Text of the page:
I didn’t think I had the stomach for Squid Game, but now it has amassed more than 111 million views worldwide (and counting), my curiosity won.
The South Korean mega-hit, Netflix’s biggest-ever debut series, makes for shocking television.
Across nine episodes, the dystopian horror show follows Seong Gi-hun (played by Lee Jung-jae), an unemployed, divorced, gambling addict who can’t afford to pay his mother’s health bills or buy his own daughter a birthday present. He’s a downtrodden disappointment.
One day, a businessman offers him a deal. Play a game and win money.
As a result, he’s invited to Squid Game, knocked out with gas and bundled off to a secret island where 455 other desperate, broke “losers” are all ready to play.
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This is where everything becomes deeply sinister. Players compete in a series of children’s games with a violent twist.
If they make it through six games, they win millions. If they lose, bad news: they get shot in the head.
Soldiers in red jumpsuits and masks –now predictably this year’s top Halloween costume – calmly gun down players and remove them in coffins adorned with pink bows. It’s all completely messed up and thrilling.
In the first game, Red Light, Green Light, 255 players flinch under the laser stare of the scariest doll you’ve ever seen and meet a grisly end.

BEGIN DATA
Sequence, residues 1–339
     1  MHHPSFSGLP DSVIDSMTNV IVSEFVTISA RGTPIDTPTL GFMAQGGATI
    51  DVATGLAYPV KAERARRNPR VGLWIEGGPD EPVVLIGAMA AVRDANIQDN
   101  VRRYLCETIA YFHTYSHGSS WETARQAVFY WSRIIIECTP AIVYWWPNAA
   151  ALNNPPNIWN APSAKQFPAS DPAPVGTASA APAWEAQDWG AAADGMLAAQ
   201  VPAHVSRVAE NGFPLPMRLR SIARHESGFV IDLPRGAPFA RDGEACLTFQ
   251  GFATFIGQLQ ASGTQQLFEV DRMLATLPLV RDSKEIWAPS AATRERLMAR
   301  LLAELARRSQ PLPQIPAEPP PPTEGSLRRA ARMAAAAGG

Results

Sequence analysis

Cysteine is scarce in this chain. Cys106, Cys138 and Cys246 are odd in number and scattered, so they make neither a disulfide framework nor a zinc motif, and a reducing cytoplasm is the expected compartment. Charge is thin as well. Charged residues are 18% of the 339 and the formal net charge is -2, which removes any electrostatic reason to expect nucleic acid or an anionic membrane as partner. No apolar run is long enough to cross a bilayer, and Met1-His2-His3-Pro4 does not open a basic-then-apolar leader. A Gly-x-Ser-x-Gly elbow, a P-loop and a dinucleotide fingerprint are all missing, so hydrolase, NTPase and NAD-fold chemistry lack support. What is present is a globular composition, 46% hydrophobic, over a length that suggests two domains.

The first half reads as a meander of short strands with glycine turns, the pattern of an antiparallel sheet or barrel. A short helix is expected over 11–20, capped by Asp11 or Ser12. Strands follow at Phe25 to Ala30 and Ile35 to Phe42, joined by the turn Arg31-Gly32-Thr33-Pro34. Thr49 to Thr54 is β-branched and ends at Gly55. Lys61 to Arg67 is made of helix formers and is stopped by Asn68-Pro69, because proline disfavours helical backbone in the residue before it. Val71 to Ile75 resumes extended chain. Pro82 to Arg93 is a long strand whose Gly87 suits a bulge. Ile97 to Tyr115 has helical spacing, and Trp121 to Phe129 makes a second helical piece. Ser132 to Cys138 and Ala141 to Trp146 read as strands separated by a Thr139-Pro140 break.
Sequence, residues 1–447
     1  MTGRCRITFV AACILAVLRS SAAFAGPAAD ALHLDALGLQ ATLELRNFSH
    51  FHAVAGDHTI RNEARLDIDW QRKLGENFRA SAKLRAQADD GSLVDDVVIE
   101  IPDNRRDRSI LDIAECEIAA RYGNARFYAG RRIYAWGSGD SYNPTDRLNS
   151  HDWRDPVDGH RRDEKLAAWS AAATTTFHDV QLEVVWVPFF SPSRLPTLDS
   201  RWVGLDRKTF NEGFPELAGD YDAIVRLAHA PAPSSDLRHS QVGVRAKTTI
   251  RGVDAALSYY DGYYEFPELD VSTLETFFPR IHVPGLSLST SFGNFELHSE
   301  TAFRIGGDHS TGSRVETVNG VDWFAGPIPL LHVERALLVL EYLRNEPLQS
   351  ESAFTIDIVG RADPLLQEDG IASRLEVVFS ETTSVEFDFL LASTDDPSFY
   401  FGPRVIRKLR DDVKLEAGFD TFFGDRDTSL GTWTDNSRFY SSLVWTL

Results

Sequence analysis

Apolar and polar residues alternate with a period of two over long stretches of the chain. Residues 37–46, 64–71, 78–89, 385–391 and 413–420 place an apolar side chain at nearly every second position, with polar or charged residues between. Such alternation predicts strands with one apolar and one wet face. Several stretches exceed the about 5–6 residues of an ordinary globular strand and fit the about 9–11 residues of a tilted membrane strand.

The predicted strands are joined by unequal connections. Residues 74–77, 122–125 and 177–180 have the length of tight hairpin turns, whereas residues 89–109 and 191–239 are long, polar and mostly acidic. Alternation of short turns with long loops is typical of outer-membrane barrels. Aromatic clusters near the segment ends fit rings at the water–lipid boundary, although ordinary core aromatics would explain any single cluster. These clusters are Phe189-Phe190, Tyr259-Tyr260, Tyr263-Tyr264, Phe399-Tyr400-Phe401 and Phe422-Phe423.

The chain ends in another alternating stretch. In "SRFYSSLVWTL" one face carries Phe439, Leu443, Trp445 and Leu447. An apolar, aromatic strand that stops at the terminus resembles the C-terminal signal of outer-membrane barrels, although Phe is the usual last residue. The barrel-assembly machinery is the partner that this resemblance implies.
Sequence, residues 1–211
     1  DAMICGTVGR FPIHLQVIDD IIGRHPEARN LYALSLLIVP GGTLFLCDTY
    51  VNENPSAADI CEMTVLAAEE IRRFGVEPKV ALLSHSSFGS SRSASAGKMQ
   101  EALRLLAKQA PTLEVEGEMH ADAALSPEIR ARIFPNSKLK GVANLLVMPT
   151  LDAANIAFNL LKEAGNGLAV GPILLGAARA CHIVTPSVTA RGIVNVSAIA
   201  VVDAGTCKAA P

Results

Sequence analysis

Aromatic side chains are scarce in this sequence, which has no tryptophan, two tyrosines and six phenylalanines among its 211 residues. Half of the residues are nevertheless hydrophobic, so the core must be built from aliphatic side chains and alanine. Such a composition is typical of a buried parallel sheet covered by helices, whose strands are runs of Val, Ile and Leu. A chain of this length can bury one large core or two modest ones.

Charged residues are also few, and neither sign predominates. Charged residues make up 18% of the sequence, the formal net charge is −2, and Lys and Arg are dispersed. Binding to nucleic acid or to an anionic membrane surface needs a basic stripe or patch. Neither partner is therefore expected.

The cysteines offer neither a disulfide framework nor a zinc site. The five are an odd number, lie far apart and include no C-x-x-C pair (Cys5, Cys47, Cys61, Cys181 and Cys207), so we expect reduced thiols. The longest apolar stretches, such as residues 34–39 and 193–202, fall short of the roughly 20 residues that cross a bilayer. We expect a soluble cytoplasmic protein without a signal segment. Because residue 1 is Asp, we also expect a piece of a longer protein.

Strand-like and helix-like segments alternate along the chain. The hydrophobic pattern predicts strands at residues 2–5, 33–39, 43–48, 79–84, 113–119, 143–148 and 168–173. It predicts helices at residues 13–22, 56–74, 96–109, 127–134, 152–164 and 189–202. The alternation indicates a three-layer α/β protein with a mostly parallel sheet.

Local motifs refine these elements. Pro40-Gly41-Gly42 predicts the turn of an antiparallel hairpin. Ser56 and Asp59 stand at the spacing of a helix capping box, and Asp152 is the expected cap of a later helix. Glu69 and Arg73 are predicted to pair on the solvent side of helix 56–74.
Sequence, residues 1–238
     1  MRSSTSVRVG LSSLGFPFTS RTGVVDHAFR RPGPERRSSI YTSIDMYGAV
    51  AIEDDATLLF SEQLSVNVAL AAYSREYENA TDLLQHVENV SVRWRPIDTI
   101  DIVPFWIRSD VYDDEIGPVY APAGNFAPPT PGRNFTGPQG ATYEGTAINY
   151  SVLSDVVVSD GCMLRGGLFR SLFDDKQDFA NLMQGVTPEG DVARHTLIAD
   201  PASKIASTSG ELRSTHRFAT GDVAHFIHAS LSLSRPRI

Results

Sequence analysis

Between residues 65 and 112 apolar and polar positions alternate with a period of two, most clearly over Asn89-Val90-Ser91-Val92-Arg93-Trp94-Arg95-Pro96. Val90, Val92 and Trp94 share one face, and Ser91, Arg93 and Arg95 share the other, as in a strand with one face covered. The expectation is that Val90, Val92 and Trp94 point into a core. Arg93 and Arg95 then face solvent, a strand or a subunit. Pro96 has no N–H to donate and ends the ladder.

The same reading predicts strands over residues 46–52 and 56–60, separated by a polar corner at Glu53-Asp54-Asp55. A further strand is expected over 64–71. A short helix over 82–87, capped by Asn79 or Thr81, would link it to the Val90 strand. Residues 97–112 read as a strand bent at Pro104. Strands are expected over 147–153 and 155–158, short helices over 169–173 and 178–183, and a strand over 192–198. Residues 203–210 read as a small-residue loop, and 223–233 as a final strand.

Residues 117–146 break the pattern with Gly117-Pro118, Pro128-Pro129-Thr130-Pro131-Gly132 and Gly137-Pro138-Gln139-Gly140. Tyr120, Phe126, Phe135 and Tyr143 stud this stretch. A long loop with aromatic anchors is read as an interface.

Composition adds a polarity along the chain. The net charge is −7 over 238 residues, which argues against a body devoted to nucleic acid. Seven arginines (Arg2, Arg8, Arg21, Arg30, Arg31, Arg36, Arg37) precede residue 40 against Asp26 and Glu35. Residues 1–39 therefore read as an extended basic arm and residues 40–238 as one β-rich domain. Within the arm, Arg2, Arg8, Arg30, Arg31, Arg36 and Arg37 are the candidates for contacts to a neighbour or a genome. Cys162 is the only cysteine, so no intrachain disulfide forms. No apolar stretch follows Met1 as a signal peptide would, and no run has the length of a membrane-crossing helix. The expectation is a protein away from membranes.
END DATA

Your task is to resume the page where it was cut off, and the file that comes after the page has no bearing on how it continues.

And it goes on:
Other games include a Tug Of War next to a vertical drop and a game of marbles I’m still thinking about days later.
The tension comes from the constant dread. What will be the next game? Who will survive? Who is behind this elaborate set-up for gratuitous violence, using humans as bloodsport? There’s social commentary here on class and capitalism as cartoony VIPs watch and wager from a viewing area (cigars, drinking, drawling American accents… this part is all a bit hammed up).
The thriller also shamelessly draws on our emotions as players form bonds, but also turn to betrayal and murder as greed and panic takes over.
Just like the players, we eventually become numb to the violence, but the show keeps pace with the excitement of the new games, each with lavish, gigantic set-pieces.
Morality and the corruption of society is under the spotlight here – but are we just as bad for enjoying brutality as entertainment?
Squid Game doesn’t delve too deeply – and it’s not subtle – but for a visual hammer-blow, this has made waves.
And if you don’t watch it, you are missing out on a TV phenomenon.Internet Explorer Channel Network